Astronomical Autumn vs. Meteorological Autumn

Autumn, a season loved by many, can be defined in two different ways: meteorological autumn and astronomical autumn. Let’s explore what these terms mean and how they determine the start of this colorful season.

Meteorological Autumn is a practical approach used by meteorologists and climatologists. It simplifies record-keeping and forecasting by dividing the year into neat calendar months. According to this definition, autumn encompasses the months of September, October, and November in the Northern Hemisphere, and March, April, and May in the Southern Hemisphere. It’s a time when we transition from the warmest to the coldest months of the year. It’s like nature’s way of preparing us for the chilly days ahead.

On the other hand, Astronomical Autumn takes a celestial perspective. It’s based on the tilt of the Earth’s axis as it orbits the Sun. Astronomical autumn is determined by a fascinating event called the equinox. In the Northern Hemisphere, autumn begins with the autumnal equinox, usually occurring around September 22nd or 23rd. During this magical moment, the Sun crosses the celestial equator, resulting in day and night being almost equal in length. In the Southern Hemisphere, the autumnal equinox takes place around March 20th or 21st, signaling the start of autumn in those parts of the world.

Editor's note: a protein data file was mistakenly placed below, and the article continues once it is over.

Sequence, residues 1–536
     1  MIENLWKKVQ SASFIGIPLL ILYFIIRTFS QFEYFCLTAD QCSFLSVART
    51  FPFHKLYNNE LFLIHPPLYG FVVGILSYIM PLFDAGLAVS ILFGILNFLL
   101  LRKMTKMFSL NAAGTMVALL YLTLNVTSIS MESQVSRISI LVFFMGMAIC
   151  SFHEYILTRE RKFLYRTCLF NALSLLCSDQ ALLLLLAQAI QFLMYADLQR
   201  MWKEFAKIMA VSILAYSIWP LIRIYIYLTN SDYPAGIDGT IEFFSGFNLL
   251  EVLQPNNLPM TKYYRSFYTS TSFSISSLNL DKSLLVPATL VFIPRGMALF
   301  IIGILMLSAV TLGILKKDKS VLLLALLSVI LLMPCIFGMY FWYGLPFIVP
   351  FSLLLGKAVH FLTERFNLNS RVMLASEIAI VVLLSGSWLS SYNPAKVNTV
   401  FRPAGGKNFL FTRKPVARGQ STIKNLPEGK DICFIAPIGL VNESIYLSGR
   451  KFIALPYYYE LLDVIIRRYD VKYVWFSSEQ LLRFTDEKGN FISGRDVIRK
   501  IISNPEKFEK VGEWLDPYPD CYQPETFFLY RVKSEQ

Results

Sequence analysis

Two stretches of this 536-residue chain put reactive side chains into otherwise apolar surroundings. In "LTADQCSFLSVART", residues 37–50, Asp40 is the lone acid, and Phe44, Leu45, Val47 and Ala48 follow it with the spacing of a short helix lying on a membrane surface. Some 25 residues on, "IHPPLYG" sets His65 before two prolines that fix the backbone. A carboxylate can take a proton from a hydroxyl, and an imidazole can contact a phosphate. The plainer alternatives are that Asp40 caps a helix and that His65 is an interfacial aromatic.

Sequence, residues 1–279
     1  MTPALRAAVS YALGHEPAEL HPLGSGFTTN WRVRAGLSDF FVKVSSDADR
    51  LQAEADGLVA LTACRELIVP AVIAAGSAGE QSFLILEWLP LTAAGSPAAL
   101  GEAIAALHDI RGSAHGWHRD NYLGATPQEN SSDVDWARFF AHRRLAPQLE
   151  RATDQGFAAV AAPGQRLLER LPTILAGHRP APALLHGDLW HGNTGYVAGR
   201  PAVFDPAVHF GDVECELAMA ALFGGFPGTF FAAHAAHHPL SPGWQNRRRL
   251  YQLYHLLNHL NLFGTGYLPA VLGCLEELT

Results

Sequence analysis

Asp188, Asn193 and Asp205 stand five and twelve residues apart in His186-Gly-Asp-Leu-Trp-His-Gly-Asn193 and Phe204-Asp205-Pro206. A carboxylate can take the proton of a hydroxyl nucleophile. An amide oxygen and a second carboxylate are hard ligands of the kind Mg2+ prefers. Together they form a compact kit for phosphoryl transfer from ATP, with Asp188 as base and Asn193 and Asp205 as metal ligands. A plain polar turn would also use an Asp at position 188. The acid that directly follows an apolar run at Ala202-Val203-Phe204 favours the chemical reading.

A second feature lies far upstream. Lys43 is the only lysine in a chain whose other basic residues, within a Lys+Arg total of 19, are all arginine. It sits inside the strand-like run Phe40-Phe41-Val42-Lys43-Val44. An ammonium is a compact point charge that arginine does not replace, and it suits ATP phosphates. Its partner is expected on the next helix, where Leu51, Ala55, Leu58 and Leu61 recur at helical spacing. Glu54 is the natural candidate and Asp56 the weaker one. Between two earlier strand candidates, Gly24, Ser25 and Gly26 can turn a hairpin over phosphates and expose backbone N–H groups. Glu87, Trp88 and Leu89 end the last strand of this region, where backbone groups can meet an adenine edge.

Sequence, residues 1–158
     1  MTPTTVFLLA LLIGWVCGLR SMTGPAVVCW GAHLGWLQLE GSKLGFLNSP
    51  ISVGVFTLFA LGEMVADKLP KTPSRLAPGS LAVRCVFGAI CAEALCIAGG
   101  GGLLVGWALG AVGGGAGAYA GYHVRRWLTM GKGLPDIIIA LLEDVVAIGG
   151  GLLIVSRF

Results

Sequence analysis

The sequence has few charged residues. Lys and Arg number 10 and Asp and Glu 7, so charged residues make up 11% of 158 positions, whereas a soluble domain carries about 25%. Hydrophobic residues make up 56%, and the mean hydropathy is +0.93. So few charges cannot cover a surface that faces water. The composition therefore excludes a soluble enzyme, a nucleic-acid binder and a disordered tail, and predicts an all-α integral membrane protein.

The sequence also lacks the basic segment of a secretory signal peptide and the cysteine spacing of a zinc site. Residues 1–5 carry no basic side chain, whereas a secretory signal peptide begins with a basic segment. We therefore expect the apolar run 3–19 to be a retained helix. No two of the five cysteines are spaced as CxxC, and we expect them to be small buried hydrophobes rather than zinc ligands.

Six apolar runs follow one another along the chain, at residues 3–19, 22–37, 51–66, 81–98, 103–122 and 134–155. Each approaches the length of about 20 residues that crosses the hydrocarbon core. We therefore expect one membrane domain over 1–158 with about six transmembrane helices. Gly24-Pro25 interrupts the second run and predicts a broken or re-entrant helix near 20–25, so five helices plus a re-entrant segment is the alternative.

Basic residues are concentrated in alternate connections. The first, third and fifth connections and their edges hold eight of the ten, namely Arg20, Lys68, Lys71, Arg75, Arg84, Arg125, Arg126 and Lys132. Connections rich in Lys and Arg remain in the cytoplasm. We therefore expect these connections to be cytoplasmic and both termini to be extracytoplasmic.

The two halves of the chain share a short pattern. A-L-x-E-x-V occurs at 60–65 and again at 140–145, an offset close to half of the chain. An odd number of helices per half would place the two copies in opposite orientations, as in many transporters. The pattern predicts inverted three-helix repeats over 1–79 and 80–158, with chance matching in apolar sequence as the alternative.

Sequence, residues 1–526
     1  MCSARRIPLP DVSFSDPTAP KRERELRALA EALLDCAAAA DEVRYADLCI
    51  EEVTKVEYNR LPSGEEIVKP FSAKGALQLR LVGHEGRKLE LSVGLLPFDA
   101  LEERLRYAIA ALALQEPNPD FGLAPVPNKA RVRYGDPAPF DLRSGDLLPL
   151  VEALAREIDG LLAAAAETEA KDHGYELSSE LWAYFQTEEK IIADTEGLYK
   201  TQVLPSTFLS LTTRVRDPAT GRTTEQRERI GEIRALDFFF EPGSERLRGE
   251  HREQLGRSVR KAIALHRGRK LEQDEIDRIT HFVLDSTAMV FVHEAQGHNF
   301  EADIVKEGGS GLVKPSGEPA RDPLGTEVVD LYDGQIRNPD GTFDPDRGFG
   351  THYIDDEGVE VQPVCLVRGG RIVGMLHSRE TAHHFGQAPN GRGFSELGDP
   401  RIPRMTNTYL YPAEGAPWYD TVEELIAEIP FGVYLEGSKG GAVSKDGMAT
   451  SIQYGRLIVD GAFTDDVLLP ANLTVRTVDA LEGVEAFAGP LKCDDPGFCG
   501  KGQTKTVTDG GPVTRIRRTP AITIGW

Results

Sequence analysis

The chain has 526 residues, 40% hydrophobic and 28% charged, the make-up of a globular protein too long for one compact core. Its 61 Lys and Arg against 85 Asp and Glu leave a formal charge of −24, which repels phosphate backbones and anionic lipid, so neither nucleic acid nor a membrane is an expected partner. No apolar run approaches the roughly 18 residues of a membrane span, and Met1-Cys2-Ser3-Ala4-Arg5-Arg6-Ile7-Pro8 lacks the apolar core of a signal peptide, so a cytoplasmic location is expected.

While meteorological autumn relies on calendar months, astronomical autumn is closely tied to celestial events like the equinox. The meteorological definition is practical for data analysis and forecasting, while the astronomical definition connects us to the wonders of the universe and our position in it.

It’s fascinating to see how different cultures have their unique ways of talking about seasons. When does the autumn start for you?